Optimizing oncology asset value to investment partners
Matems Consulting Ltd.
Oncology is currently experiencing an incredible boom in innovation and not just from large pharmaceutical companies. There are an increasing number of small to medium sized biotech companies that are not only very interested in this field but are also very capable, with amazing innovation coming from this sector every day.
These are mostly small to medium sized biotech companies that have one or many assets and are looking to answer multiple questions such as:
• To what stage of development do I need to take this on my own before I can look for partners or further investments?
• How do I go about doing this?
• What is the right information package that they want to see?
• How do I determine the value of my asset in order to determine a price level?
For many the decision to continue to phase III using VC money, or find a large pharma partner to help finance the next steps or simply license it out, is a difficult one and not one that is easily answered. The optimal solution lies in the strategic plans of the company but also very much in the compound’s own abilities and potential. Once a thorough analysis is done then one can clearly determine the optimal solution for that specific compound in that specific indication. This analysis has multiple steps and it is highly advisable to invest in it before proceeding to any activity past phase I development.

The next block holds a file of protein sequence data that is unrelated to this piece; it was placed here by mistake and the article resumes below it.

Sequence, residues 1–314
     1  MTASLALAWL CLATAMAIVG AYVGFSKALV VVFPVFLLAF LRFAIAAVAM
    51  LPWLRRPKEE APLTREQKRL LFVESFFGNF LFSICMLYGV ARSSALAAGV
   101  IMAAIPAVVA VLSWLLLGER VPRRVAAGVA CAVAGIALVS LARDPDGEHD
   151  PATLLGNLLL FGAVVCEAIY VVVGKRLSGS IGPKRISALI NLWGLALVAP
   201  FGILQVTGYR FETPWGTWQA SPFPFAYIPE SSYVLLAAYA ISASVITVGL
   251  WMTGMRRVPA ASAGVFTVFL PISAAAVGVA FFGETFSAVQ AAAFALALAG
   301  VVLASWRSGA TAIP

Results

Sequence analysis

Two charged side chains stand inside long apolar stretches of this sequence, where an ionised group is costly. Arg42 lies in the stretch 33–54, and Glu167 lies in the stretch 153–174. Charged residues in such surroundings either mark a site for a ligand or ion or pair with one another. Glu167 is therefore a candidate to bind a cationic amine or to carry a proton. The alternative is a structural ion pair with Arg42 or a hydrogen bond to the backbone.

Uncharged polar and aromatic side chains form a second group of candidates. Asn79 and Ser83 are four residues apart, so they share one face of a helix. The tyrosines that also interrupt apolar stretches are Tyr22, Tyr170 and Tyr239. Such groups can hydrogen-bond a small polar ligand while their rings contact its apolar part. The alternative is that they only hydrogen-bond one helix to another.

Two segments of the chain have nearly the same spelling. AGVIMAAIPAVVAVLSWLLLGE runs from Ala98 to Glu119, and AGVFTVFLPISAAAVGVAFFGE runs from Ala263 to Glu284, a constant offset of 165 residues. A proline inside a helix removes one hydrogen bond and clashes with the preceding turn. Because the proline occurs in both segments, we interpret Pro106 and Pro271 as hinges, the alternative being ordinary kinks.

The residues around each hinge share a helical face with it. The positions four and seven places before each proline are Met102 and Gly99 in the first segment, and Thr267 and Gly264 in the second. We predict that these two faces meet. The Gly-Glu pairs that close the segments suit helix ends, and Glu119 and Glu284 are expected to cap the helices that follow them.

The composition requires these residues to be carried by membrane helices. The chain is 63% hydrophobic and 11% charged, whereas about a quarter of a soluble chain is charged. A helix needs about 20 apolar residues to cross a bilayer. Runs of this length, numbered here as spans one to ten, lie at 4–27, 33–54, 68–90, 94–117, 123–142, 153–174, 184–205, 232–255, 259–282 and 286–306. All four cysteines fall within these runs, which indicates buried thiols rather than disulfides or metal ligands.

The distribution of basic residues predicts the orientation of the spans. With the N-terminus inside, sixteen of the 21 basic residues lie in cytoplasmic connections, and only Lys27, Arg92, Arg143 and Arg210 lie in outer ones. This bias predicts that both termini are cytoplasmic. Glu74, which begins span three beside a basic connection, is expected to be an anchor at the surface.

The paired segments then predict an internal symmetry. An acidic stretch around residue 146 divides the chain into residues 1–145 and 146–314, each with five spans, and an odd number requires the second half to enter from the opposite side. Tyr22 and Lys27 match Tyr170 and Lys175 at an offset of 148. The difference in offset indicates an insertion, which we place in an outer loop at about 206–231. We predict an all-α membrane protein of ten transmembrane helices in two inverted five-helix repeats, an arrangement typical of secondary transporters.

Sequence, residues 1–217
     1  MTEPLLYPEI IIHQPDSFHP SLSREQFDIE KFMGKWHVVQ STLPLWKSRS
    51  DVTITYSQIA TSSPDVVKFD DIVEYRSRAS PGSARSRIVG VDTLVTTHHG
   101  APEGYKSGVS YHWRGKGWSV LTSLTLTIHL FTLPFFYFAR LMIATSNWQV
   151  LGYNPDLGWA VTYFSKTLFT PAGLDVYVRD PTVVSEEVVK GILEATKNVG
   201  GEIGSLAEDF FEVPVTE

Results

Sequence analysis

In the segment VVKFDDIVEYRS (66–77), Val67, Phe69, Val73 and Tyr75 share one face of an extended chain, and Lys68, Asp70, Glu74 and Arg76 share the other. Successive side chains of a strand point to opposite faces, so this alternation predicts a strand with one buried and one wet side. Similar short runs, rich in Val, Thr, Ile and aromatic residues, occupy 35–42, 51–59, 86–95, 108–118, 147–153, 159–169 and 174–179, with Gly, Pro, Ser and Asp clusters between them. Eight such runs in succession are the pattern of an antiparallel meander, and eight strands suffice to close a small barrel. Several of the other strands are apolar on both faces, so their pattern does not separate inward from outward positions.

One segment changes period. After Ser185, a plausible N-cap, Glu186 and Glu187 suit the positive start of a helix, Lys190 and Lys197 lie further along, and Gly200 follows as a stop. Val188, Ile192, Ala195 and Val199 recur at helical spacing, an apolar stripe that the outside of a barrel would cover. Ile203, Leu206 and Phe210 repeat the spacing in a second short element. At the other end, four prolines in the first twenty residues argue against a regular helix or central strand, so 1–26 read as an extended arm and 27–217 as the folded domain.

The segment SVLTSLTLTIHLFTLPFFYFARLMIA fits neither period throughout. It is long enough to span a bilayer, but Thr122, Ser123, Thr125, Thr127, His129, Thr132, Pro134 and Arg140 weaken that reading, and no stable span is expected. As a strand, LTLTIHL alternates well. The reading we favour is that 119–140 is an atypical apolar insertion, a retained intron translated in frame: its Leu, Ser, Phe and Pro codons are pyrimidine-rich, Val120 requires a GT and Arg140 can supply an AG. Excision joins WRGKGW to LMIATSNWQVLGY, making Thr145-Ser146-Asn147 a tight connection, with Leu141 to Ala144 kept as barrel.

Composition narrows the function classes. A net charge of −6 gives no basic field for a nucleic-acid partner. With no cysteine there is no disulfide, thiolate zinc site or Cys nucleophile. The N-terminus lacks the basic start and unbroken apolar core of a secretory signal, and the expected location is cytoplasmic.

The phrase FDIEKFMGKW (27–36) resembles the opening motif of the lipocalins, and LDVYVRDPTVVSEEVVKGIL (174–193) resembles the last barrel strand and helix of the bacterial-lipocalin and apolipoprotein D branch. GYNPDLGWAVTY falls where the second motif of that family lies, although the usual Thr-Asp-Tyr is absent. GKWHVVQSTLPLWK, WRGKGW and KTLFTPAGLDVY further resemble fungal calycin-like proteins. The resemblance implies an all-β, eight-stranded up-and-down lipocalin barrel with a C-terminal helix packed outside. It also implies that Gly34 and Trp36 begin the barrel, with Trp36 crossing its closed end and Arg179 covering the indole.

“For many the decision to continue to phase III using VC money, or find a large pharma partner to help finance the next steps or simply license it out, is a difficult one…”
How do I make my asset attractive? Many small and medium sized companies are very much focused on determining value through clinical efficacy. Clearly this is a very important variable, however clinical efficacy alone will not stand out any more in the noisy and busy oncology market. However, very often a crude commercialization strategy is put into place in order to quantify the market size. This usually involves taking all patients within a specific indication and assuming that this is the total market potential. But this is an inaccurate picture as many variables are involved in determining the right market segment, which is not just based on the approved indication. It is therefore critical that the right components and the right analyses are put into place in order to present a complete and desirable picture for potential buyers. Indeed, many VCs insist on seeing a complete information package in order to invest in to a compound or idea. Licensing departments in big companies are also much more interested in a full package of information to assess a compound offering.